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A kite balloon, viewed from the deck of a battleship ca. World War I. Naval Institute Photo Archive

This article by Alan L. Morse originally appeared in the February 1984 issue of Proceedings. What’s in a nickname? Today’s Goodyear Blimp was named after the fat, fictitious British Army Colonel Blimp. But one of its ancestors – the World War I kite balloon – was whimsically christened the “rubber cow,” and went to sea tethered to a “tin can.” They were the least glamorous of World War I pilots. Their aircraft were unlovely, unromantic, uncomfortable, and unpowered. They fought no aerial duels with the Red Baron or skimmed the trees on reconnaissance missions. These pilots never fired a shot… Read the rest of this entry »

 
Mar 1

Rocket Ships: A Pictorial Overview

Thursday, March 1, 2018 11:43 AM

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Resembling a fireworks display, a five-inch rocket is launched from the USS Clarion River (LSMR-409) on a night mission.

Experience by British, American, and Allied forces during the early parts of the Second World War underscored the need for effective close fire support and beach bombardment. It soon became clear the most effective method for providing this much-needed capability was not to develop specialized platforms for the task, but to modify the ships and craft that already had the capability to get close-in to shore in medias res. The answer was landing craft. Much as the Soviets had done with their Katyusha on land, the British Royal Navy and the U.S. Navy began modifying their existing and planned landing… Read the rest of this entry »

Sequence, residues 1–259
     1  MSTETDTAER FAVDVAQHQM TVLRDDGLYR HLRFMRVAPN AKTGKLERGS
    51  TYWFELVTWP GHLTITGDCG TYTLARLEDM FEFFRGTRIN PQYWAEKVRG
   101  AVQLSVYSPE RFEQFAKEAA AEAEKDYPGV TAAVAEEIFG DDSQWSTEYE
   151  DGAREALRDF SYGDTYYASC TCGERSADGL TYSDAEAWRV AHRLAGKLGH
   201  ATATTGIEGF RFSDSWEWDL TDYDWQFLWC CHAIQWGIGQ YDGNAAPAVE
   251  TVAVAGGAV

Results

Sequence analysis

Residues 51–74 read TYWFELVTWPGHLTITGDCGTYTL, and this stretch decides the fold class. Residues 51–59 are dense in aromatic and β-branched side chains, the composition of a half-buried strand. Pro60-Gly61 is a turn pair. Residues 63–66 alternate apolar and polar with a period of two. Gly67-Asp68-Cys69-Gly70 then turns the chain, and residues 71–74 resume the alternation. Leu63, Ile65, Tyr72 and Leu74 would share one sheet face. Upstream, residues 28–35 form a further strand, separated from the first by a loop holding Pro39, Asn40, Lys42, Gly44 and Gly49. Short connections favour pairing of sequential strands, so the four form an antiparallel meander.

Nov 15

The “Wide Wide World” of War

Wednesday, November 15, 2017 8:47 AM

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USS Mississippi (EAG-128)  Fires a Terrier surface-to-air missile during at-sea tests.

Viewers tuning in to NBC’s acclaimed 90-minute documentary series “Wide Wide World” on their luxurious 21-inch television screens on Sunday, 13 May 1956, were bound to be fascinated by that week’s program. The synopsis in the TV Guide promised audiences a first in the history of television — a live demonstrations of American firepower: The story of America’s “Power for Peace” will be told explosively by “Wide Wide World” with such items as the detonation of two simulated atomic bombs, the shooting down of a B-17 bomber and the firing of guided missiles. The atomic bomb simulations will be stage by the Army at Fort… Read the rest of this entry »

 
Apr 27

Death on the River

Thursday, April 27, 2017 4:48 PM

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Sultana at Helena, Arkansas, on April 26, 1865, a day before her destruction. She was cowded with about 2,222 people, a number that included 100 paying passengers (men, women, and children), a crew of 85, and 22 guards.

Today marks the 152nd anniversary of the explosion and sinking of the steamboat Sultana on the Mississippi River that claimed the lives of more than 1,800 recently-freed Union POWs packed on her decks for the voyage home — more than the number killed when the RMS Titanic sank in 1912. An excerpt from Noah Andre Trudeau’s 2009 Naval History article about the disaster is reprinted below. The full article may be viewed here.